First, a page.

Essential skills for global leadership
A new, globalised business environment requires a new, globalised leader, so what qualities will contribute?
‘Leadership’ can be extremely difficult to define and the definition will vary under different circumstances.
One of those varying circumstances is time - a leader from 50 years ago, running a local manufacturing operation, for instance, would have required a very different set of skills to those needed in today’s global business environment.
The catch-cry for today’s c-suite execs is ‘global leadership’. But what exactly does that mean? And how does an employer recognise it?
“The overarching goal with the new approach to leadership is to not focus on how an individual can become a better leader, but instead to ensure that the common good of an organisation, for example, is at the fore of leadership,” says Chrystie Watson, Manager of College Operations at the College of Business, Law & Governance within James Cook University, which offers an ‘MBA Global’ degree.
“We need to see the narrative around leadership changing so we’re moving away from the sensationalisation of ‘heroic, charismatic leadership’, and towards an understanding of leadership as a collective sense of accountability and responsibility to serve the common good of the society, the community or the organisation.”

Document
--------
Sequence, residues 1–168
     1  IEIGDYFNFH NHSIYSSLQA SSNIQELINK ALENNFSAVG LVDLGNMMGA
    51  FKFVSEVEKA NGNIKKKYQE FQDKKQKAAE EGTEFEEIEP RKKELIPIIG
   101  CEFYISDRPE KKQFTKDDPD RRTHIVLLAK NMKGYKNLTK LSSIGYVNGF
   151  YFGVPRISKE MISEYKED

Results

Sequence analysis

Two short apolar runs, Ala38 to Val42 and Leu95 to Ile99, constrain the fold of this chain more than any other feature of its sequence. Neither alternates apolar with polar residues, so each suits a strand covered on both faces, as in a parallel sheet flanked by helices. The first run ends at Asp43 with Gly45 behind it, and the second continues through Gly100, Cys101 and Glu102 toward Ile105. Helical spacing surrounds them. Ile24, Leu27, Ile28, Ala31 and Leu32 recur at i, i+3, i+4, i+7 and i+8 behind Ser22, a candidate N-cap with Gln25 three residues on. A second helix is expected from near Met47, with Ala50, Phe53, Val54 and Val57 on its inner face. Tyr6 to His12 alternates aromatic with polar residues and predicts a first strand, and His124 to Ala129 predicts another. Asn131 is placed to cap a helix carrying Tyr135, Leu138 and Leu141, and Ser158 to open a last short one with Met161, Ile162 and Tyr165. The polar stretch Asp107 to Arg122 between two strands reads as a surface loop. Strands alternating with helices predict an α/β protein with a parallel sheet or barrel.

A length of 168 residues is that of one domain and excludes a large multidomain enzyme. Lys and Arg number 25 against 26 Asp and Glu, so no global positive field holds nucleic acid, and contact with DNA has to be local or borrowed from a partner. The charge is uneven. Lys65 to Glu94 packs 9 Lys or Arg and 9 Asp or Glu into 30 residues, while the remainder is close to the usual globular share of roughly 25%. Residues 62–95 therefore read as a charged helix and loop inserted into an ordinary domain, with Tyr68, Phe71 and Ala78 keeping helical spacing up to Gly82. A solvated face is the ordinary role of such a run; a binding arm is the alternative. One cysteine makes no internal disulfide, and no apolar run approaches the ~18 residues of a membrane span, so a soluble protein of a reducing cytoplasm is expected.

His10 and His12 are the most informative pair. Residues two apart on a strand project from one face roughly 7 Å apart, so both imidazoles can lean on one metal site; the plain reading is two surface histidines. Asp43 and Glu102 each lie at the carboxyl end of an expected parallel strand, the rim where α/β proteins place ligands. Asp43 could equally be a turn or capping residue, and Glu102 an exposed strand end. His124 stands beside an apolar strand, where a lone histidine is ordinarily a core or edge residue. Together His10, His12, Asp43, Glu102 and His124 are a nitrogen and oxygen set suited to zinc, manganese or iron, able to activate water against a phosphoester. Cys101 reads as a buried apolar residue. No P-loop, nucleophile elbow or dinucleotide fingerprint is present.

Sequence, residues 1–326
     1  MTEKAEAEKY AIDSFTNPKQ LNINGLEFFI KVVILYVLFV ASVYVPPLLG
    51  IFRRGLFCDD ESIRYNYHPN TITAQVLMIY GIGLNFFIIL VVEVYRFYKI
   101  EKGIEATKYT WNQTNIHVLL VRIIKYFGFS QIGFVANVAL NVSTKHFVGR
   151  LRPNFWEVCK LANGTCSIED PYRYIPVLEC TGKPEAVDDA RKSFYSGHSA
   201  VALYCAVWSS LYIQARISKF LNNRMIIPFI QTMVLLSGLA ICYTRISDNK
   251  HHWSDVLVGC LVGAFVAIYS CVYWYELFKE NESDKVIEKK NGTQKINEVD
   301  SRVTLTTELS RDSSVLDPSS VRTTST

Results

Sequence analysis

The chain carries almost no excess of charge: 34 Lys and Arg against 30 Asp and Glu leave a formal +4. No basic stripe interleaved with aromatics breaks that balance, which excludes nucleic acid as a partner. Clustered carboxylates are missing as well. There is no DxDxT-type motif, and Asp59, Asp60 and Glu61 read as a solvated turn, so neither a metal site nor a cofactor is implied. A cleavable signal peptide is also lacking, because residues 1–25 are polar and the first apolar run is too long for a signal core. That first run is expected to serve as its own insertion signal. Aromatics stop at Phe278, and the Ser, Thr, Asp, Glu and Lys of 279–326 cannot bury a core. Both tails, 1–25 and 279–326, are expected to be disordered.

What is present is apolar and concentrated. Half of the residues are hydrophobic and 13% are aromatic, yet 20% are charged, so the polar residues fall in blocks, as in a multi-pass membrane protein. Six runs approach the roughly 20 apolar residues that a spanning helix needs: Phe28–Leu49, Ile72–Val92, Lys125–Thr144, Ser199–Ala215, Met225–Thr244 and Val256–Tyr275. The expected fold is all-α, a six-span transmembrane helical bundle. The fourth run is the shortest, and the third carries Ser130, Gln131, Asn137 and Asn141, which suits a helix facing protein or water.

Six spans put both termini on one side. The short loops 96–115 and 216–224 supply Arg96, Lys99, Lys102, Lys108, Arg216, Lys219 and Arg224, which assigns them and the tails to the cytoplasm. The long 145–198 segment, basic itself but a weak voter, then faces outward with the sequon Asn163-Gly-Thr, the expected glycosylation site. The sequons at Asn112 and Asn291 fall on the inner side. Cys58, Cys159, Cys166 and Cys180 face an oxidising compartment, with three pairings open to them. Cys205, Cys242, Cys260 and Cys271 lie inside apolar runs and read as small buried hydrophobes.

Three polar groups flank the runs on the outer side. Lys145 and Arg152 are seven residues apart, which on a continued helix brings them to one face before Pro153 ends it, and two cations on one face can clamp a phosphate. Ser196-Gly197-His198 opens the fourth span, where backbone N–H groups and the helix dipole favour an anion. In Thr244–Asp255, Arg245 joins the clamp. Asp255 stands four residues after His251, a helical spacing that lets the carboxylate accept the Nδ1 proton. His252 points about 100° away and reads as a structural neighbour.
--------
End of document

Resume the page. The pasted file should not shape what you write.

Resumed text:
‘Distributed leadership’ is key
Chrystie is currently conducting research around the topic of ‘distributed leadership’ which, she says, is very important in a global context. Distributed leadership is the collective sharing of responsibility and accountability, based on the contributions people in the organisation can make to decision making.
“I'm exploring how distributed leadership might present an alternative perspective where leadership is enacted throughout organisations, regardless of what traits or formal positions people hold,” she explained. “It’s based on what contribution they can make through their own experiences or interests, and it engenders a greater engagement and ownership of what’s happening in the organisation.”
We find hierarchies and their top-down decisions can be disempowering for people.
The major challenge, of course, is that the old, hierarchical structures become less important. At the same time, the new generation of global leaders will enjoy all of the benefits of a committed, engaged and empowered workforce.
Rather than waiting to be told what they should be doing and feeling no real engagement or ownership in their roles, staff at all levels and in all regions will be empowered by global leaders to make decisions, question processes, find their own ways around challenges and, most importantly, innovate.
“We find hierarchies and their top-down decisions can be disempowering for people,” said Chrystie.
“Staff can feel as if they’re just coming in to collect a paycheque while they wait for the next decision to be made. From a leadership perspective, there’s a lot that can be done in that space to engender greater involvement and engagement from the staff.”
Stoicism and leadership